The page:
Tuesday, May 17, 2022

Blake Pierce - Death and Apple Strudel

When London Rose, 33, is proposed to by her long-time boyfriend, she realizes she is facing a stable, predictable, pre-determined (and passionless) life. She freaks out and runs the other way—accepting instead a job across the Atlantic, as a tour-guide on a high-end European cruise line that travels through a country a day. London is searching for a more romantic, unscripted and exciting life that she feels sure exists out there somewhere.
London is elated: the European river towns are small, historic and charming. She gets to see a new port every night, gets to sample an endless array of new cuisine and meet a stream of interesting people. It is a traveler’s dream, and it is anything but predictable.
In Book 2, DEATH (AND APPLE STRUDEL), the cruise takes them into Vienna and Salzburg, home of Mozart and the birthplace of music, and all seems picture-perfect. Until, that its, their tour guide turns up dead after giving the passengers a tour of Mozart’s theatre. Suspicion falls on them. Who could have killed her? And why?
Laugh-out-loud funny, romantic, endearing, rife with new sights, culture and food, DEATH (AND APPLE STRUDEL) offers a fun and suspenseful trip through the heart of Europe, anchored in an intriguing mystery that will keep you on the edge of your seat and guessing until the very last page.

Comment: This is the second installment in the European Voyage series by Blake Pierce. Although the first book wasn't as amazing as I would have wanted, this second one is set in Austria, a country I want to visit one day, and I was looking for to learn the information which certainly would be included about it.

In this second novel, the cruise arrives in Austria and immediately something happens, a passenger claims something was stolen from his cabin. London can't seem to find the stolen object and later on, something else disappears but is quickly found,meaning less importance is given to the original theft. At the same time, the cruise owner sends up an investigator, so London doesn't have to go out of her cruise duties to investigate murders, but that proves to be too difficult to accomplish when a tour guide in Salzburg is killed after a tour he gave to the cruise's group... will London find the killer?

I didn't have much of a doubt on how this book would be like, but having finished, it's pretty obvious the author's style is easy, quick, without much complexity. I suppose I'd say the most intricate segment is how she will manage to keep some mystery going, but I can now see how: this second story takes place the day after what we read on the first book, meaning the time between books is minimal, and whatever happens to the heroine will certainly be dealt with in a very quick succession.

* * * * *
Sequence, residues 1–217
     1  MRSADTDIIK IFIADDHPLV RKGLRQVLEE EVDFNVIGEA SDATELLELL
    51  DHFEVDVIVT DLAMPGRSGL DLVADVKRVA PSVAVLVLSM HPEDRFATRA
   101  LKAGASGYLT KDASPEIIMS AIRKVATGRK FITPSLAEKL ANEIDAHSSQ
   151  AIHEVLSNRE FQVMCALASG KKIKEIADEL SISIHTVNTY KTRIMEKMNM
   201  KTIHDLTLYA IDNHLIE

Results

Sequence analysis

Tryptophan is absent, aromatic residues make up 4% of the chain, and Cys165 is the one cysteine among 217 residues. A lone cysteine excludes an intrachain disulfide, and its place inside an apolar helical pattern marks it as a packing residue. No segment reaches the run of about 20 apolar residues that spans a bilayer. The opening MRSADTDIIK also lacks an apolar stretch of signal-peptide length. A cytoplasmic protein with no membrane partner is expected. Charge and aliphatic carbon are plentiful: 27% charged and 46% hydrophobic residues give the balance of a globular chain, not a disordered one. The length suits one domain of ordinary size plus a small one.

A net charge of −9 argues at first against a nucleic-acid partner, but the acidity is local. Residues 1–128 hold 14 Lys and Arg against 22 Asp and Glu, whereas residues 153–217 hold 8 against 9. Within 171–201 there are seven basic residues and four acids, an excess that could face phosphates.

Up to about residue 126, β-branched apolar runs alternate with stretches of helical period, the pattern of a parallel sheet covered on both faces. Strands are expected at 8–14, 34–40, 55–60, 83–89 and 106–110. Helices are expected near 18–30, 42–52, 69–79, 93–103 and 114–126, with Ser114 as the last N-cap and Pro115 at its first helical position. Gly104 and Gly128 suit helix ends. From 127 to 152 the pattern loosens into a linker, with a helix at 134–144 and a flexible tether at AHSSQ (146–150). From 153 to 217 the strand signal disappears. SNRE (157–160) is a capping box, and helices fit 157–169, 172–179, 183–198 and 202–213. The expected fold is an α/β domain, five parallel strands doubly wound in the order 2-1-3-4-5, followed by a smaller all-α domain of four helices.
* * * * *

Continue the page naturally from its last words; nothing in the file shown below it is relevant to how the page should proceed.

In this story we learn a little more on her family history and on why traveling in Europe is bringing back memories for her. I can imagine the goal might be to make her travel in the cruise, while dealing with the every day aspects of her job, here and there solving some murder, but at the core of the series is her search, literal and figurative, of her mother, who left without a word. This is actually an intriguing element and now I confess I feel intrigued enough to probably finish the series but it is still quite a flaw how under developed all characters are.

I don't think the author's goal here was to create an intricate web of character's connections or personalities and it shows. Everything about them is practical, superficial, only there to carry things from one idea to the other. But I admit I'm used to more in the books I like the most and here this feels like a flaw. I guess readers who like the genre more (cozy mysteries) will say this is the way it is, otherwise it wouldn't labeled as such, but in the end, I just feel we only were given the practical aspects of why these people are there, not much why they are that way.

The initial theft is a situation that follows the plot throughout the end and when we learn who the thief is, I must say it was ridiculous but possible.... 
Then there's the Salzburg tour guide, who dies after a tour. This is solved very quickly, actually, although in a very interesting way. I think my biggest criticism is how does one truly believes some police officer or detective in any police force would allow London to be so nosy and do/ask questions of people that easily...

In a way, these stories are a little like a cruise: meant to entertain, to amuse or to allow us to spend a while without serious concerns in our heads. By the way, I liked the kind of things we learn the passengers do and I certainly wouldn't mind one day going on a cruise myself! I loved the mentions of Vienna and Salzburg sightings, of some of the things one could do there and some of the history of the buildings/places the characters visit. I think it was specific enough for those scenes that one doesn't feel this is touristic info dumped here, I felt the author did a good job planning and summarizing which content to include. I really want to go there one day!

All things considered, I can't say this was such a great book, but the sum of the parts made it good enough to make me want to know what will happen next. 
Grade: 6/10

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